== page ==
Measure across the base of the vice and then transfer that size to the aluminium plate. Use a jigsaw to cut a section the correct width and then make a second cut to bring it to the right length. The exact length doesn’t matter you just need enough to give you space to insert two new bolt holes on the opposite side of the vice screw.

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Locate the Existing Bolt Holes

Rather than drill new holes in the vice I’d like to try and use the existing holes. It would seem that these are drilled by hand as they are not at all aligned with each other or the casting. Using a square and ruler I positioned punch marks as accurately as I could on the aluminium plate and drilled the holes a little oversized at 7mm.

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Deburr the holes and test fit the plate. So far so good.

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Add the New Bolt Holes

You now need to add two more bolts on the other side of the vice screw to hold the plate firmly down. To be fair it would probably work without these but it’s only a few minutes effort to add them.

Measure the casting and divide the thickness by two then scribe lines on the aluminium. Make punch marks at suitable locations where the new bolts will go into the casting. The exact location doesn’t matter as the new plate will only go on one way because of the old holes.

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Drill the new holes and tap the casting then expand the holes in the new plate so that the bolts will pass through.

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Locate and Drill for the Half Nut

The plate is now fixed to the vice so it’s time to make a hole for the half nut. Locate the centre and punch it. The catch on the back of the half nut is tapered and so the hole needs to be about 20mm. That is quite a large hole to put in a piece of aluminium plate with only a pillar drill so I drilled it out using successively larger wood bits. An alternative would be to chain drill and then file it to size. I made a sort of improvised bobbin sander from a drill bit, sandpaper and an elastic band to clean up the hole.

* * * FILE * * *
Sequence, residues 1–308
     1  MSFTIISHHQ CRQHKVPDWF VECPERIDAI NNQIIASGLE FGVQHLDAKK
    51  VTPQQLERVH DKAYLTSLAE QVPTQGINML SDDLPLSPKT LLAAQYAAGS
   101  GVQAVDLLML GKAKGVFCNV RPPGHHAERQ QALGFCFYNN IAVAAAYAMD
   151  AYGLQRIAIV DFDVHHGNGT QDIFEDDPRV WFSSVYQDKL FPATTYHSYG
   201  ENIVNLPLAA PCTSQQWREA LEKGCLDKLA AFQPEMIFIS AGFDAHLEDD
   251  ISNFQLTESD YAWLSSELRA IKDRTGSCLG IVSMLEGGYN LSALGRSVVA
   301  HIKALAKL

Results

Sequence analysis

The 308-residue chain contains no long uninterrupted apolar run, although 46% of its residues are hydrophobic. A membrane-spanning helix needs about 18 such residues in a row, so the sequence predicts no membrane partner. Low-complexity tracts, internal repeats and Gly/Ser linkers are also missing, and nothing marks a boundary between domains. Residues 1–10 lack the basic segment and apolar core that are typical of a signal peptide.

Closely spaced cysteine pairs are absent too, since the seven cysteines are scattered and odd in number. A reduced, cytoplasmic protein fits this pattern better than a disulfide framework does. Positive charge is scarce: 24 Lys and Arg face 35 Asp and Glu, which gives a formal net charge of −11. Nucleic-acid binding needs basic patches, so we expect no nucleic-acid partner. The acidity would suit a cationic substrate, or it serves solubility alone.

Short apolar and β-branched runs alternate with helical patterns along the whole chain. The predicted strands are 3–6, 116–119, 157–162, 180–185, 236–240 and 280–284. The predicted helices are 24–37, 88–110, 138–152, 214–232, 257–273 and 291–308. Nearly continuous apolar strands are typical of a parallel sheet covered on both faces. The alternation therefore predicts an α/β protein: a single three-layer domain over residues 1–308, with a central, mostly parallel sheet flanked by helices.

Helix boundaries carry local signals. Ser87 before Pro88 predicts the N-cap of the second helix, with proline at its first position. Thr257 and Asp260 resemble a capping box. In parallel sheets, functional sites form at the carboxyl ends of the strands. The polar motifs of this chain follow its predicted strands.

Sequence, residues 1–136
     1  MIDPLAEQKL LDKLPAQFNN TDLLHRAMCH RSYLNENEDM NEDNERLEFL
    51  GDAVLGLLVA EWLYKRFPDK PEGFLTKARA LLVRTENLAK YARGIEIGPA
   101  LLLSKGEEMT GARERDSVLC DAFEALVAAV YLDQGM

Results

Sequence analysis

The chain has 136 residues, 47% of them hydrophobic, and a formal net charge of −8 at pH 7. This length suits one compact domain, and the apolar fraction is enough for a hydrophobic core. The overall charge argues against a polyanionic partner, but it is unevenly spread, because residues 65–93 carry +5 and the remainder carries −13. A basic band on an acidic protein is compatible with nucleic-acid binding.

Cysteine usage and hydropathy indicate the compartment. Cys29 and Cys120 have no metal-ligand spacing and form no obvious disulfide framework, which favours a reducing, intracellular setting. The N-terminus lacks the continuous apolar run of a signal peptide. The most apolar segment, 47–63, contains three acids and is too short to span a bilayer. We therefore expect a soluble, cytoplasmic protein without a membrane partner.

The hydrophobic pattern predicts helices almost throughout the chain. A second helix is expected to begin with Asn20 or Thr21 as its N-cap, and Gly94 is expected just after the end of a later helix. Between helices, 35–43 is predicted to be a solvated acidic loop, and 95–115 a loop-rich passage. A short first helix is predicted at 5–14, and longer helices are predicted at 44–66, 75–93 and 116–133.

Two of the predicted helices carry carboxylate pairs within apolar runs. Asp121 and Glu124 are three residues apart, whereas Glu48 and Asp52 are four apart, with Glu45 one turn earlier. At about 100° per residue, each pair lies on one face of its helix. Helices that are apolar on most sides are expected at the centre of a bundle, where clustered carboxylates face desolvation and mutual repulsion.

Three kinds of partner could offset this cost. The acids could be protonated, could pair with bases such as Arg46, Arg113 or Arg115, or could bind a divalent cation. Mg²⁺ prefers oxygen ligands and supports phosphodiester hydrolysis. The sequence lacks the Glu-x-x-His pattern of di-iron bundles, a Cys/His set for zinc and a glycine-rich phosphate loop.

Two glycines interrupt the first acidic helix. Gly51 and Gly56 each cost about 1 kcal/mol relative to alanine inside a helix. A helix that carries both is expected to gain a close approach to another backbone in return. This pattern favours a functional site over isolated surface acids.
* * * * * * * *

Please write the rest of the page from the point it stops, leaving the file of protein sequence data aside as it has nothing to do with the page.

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Add Half Nut Pressure Bolts

I had originally planned on pressing the half nut onto the vice screw using a couple of washers but it turned out that the amount of pressure put on the nut needed much finer control that that method could easily provide. The solution was to drill and tap for a couple more M6 bolts either side of the central hole. The bolts would press on the back of the half nut and the pressure could be adjusted accurately.

Mark a centre line and punch a couple of sensible locations. As with the other holes it doesn’t matter exactly where they go. Drill the plate at 5mm and then tap for M6. Put the plate back on the vice and add the pressure bolts. Adjust them so that the nut is tight on the vice thread and then back them off half a turn, use thread lock to hold them in place.

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Fit and Test

Finally fit and test the vice. I tested the vice by screwing it in and out over it’s full range of travel a couple of times and then clamping up a mallet. I could happily hit the mallet head with no danger of the vice letting go.